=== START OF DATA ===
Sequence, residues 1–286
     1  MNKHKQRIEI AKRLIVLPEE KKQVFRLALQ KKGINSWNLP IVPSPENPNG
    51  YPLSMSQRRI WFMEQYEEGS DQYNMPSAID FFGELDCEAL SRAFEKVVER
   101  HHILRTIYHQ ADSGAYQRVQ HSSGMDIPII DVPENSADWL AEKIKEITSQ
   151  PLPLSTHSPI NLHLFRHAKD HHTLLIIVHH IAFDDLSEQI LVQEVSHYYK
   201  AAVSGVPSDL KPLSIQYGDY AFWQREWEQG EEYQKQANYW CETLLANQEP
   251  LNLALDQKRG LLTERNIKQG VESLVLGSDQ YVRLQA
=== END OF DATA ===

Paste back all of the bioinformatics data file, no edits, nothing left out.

Sequence, residues 1–286
     1  MNKHKQRIEI AKRLIVLPEE KKQVFRLALQ KKGINSWNLP IVPSPENPNG
    51  YPLSMSQRRI WFMEQYEEGS DQYNMPSAID FFGELDCEAL SRAFEKVVER
   101  HHILRTIYHQ ADSGAYQRVQ HSSGMDIPII DVPENSADWL AEKIKEITSQ
   151  PLPLSTHSPI NLHLFRHAKD HHTLLIIVHH IAFDDLSEQI LVQEVSHYYK
   201  AAVSGVPSDL KPLSIQYGDY AFWQREWEQG EEYQKQANYW CETLLANQEP
   251  LNLALDQKRG LLTERNIKQG VESLVLGSDQ YVRLQA